Russia has violated arms treaty by testing cruise missile: US
WASHINGTON - Agence France-Presse
In this Dec. 8, 1987 file photo U.S. President Ronald Reagan, right, and Soviet leader Mikhail Gorbachev exchange pens during the Intermediate Range Nuclear Forces Treaty signing ceremony in the White House East Room in Washington, D.C. Gorbachev's translator Pavel Palazhchenko stands in the middle. AP PhotoThe United States has found that Russia violated a 1987 arms control treaty by testing a ground-launched cruise missile, a senior US official said late Monday, calling the matter "very serious."
The announcement adds a new dispute at a time of already heightened tensions between Washington and the Kremlin over the crisis in Ukraine, with western countries accusing Russia of arming Ukrainian separatists and destabilizing the country.
The US concluded in a 2014 report that Russia had violated the Intermediate-Range Nuclear Forces Treaty, which barred it from possessing, producing or flight-testing such cruise missiles with a range of 500 to 5,500 kilometers, the official told AFP.
President Barack Obama has sent a letter to his counterpart Vladimir Putin on the subject, which the administration official described as "a very serious matter which we have attempted to address with Russia for some time now."
Washington was prepared to discuss its determination with Moscow "immediately" in senior-level bilateral talks, the official added, saying Congress and US allies have been kept abreast of the matter.
"The United States is committed to the viability of the INF Treaty," the official said. "We encourage Russia to return to compliance with its obligations under the treaty and to eliminate any prohibited items in a verifiable manner."
The Intermediate-Range Nuclear Forces Treaty (INF), signed by then US president Ronald Reagan and his Russian counterpart Mikhail Gorbachev, eliminated nuclear and conventional intermediate range ground-launched ballistic and cruise missiles.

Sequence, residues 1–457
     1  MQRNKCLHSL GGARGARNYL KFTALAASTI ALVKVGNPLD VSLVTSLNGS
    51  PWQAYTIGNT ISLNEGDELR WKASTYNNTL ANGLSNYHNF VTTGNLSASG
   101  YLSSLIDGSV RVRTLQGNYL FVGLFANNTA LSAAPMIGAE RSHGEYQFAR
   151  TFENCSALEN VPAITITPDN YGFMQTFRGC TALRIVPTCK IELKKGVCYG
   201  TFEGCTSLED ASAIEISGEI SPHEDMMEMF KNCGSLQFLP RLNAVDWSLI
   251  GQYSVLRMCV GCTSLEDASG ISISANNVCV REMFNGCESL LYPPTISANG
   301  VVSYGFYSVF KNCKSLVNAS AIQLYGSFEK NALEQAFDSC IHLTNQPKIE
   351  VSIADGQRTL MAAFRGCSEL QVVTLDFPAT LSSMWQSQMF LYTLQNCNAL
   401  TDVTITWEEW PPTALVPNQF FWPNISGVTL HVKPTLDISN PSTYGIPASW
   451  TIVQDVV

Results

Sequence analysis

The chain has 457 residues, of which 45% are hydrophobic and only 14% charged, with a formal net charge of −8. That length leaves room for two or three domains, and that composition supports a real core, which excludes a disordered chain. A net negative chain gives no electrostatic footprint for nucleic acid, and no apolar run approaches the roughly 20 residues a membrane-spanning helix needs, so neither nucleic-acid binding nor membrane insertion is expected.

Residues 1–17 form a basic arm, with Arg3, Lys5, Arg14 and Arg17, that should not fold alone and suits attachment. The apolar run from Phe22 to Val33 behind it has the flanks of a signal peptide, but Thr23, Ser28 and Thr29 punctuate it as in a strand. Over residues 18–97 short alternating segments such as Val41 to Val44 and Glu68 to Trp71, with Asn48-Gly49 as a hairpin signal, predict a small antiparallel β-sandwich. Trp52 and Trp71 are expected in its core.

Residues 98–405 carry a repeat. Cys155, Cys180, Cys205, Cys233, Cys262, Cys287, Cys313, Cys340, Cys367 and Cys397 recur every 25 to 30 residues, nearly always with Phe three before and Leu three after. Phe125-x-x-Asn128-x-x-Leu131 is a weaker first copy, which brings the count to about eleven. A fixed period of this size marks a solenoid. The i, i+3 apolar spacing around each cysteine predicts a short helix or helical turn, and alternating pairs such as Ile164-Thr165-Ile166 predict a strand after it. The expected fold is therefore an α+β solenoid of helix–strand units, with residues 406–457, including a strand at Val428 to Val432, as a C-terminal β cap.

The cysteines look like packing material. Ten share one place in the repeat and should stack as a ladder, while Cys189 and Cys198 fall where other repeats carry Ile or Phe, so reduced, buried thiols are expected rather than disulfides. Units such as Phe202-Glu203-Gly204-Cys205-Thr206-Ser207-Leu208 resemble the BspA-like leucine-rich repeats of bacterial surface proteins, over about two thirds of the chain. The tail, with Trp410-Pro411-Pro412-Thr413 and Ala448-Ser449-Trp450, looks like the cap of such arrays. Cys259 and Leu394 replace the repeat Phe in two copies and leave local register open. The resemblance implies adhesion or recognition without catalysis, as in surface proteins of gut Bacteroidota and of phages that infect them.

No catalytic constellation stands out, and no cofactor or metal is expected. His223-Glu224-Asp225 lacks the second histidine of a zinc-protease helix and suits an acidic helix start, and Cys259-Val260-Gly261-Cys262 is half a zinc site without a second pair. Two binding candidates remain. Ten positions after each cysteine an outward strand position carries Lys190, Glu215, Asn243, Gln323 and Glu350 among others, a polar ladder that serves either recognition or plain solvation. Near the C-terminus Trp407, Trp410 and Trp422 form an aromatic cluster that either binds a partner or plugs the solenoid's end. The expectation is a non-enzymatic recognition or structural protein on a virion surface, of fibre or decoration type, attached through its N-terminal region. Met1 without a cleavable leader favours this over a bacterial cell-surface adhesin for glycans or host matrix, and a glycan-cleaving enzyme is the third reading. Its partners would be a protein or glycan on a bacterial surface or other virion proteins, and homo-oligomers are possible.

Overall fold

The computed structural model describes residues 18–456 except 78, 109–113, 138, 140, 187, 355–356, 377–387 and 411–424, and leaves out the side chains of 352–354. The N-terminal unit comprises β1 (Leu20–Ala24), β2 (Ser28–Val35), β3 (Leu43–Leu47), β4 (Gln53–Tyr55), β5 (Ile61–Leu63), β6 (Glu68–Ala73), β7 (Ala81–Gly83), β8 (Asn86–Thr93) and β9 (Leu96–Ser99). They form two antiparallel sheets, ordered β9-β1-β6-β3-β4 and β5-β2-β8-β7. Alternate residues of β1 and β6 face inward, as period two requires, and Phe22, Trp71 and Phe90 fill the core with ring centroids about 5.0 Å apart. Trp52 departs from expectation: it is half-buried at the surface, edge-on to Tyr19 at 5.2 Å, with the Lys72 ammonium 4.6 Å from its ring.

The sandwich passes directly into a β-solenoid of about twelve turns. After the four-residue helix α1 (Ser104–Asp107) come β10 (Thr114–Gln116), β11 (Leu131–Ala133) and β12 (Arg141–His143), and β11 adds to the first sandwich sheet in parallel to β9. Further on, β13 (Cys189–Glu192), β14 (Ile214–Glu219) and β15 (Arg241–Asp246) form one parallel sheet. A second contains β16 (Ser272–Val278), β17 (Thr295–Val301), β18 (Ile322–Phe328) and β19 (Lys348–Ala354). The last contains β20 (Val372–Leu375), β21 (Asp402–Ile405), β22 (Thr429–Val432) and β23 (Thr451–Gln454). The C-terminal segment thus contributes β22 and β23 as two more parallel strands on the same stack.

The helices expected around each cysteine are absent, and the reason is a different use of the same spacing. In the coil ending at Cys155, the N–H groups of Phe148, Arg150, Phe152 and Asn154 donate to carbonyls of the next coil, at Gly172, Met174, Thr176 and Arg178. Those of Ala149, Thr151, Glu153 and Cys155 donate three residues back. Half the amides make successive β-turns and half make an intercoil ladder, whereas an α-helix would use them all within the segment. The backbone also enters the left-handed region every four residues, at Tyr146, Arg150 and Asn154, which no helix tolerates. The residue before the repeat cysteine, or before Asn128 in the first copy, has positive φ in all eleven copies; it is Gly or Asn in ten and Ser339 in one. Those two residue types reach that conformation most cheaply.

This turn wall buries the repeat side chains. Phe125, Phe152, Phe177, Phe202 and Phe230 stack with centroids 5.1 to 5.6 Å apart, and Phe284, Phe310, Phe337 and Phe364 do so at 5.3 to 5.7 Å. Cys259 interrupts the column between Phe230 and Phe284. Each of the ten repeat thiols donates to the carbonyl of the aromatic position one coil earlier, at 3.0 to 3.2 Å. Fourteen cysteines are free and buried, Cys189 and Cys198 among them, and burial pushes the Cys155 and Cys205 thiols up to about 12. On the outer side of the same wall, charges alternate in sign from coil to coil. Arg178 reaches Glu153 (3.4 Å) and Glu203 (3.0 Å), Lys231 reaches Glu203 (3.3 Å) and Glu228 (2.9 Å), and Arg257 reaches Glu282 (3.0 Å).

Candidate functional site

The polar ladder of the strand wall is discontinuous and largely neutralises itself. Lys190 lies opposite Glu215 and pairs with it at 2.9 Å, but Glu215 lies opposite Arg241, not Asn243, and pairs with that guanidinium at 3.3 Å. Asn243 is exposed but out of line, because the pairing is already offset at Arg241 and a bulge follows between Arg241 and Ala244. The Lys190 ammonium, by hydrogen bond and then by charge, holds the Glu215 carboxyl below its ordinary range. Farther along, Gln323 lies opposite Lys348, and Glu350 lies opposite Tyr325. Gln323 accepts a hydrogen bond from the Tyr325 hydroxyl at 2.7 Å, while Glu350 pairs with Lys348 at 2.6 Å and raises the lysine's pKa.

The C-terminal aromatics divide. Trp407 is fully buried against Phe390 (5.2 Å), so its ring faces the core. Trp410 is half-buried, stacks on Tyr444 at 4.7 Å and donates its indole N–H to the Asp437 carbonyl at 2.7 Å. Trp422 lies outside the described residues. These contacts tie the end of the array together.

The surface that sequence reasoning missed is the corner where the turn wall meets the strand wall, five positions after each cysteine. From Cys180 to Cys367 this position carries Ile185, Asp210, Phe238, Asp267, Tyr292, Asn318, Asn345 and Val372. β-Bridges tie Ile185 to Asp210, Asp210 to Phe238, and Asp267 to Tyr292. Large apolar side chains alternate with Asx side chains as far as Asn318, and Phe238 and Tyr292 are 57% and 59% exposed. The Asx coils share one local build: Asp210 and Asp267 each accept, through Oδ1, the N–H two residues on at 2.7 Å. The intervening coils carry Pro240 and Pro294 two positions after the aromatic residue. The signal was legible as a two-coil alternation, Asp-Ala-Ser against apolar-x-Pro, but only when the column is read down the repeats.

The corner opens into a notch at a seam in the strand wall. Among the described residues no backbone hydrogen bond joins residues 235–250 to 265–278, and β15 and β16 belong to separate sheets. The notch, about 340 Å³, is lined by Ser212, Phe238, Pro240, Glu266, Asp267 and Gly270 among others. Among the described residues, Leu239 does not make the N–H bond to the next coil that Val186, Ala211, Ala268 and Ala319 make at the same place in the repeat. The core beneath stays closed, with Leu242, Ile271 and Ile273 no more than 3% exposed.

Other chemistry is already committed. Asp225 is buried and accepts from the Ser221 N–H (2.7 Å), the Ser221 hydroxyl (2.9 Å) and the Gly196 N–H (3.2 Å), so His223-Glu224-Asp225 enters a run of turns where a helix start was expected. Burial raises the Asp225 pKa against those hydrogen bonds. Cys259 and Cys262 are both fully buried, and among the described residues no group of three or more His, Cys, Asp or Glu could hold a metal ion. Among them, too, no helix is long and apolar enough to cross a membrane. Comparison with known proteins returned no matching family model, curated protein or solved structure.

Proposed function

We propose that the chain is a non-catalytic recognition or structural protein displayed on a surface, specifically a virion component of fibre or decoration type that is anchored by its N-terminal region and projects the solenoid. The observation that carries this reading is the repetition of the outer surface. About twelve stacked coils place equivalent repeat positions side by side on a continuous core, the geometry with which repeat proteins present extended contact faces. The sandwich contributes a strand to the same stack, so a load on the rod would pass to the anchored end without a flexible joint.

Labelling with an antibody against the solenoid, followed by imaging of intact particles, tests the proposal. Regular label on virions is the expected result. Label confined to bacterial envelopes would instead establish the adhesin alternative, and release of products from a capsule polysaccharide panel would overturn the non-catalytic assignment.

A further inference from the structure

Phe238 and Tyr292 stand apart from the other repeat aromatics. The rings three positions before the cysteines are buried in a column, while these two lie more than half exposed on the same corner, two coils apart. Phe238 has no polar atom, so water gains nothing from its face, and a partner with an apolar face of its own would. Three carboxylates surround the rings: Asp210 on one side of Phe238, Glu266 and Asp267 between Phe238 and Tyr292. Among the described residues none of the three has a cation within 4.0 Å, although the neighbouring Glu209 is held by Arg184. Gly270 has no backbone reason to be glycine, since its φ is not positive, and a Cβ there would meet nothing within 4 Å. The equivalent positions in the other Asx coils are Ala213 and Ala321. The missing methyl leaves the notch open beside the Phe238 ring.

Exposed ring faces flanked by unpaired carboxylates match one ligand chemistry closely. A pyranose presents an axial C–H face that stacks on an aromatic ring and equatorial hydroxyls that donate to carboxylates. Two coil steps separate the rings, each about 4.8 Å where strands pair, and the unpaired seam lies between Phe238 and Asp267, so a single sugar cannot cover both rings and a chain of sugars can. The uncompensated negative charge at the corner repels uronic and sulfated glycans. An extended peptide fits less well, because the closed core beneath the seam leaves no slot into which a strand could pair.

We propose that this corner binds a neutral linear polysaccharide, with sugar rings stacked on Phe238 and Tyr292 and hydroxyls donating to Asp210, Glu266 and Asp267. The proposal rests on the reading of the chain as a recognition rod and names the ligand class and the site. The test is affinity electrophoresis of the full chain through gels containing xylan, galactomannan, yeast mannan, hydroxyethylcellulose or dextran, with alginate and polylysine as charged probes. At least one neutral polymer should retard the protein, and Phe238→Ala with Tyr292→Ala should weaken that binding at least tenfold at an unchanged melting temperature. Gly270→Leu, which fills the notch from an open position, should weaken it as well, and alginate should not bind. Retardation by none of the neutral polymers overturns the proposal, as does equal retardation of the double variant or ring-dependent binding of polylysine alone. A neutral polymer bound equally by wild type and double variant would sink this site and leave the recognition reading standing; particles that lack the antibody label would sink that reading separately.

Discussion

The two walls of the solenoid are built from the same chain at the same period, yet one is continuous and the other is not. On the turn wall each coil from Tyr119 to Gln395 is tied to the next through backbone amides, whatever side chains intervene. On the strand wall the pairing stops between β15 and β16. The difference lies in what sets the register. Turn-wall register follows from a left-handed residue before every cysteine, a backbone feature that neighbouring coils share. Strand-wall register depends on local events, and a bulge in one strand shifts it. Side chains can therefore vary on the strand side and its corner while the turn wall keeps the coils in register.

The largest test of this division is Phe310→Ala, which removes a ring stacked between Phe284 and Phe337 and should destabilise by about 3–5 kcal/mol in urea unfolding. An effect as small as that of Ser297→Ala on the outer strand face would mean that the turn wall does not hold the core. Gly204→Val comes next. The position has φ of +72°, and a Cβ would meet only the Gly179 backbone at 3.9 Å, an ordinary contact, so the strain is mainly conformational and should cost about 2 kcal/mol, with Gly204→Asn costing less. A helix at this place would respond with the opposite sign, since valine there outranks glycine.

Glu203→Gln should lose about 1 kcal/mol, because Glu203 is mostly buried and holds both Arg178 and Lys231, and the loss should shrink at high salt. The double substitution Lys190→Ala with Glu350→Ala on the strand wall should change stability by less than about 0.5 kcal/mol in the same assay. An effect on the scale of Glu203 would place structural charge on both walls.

The official said the INF treaty served the "mutual security interests of the parties" -- not only the United States and Russia but also 11 other successor states of the Soviet Union.
"Moreover, this treaty contributes to the security of our allies and to regional security in Europe and in the Far East."
"The United States will, of course, consult with allies on this matter to take into account the impact of this Russian violation on our collective security if Russia does not return to compliance," the official said.
In January, State Department spokeswoman Jen Psaki said Washington had raised concerns with Moscow following a New York Times report it had begun testing a new ground-launched cruise missile as early as 2008, and that the State Department's senior arms control official had repeatedly raised the issue with Moscow since May 2013.
Psaki said at the time she could not refute the details of the Times report, and that there was an ongoing interagency review to determine whether the Russians had violated the terms of a US-Russian arms control pact.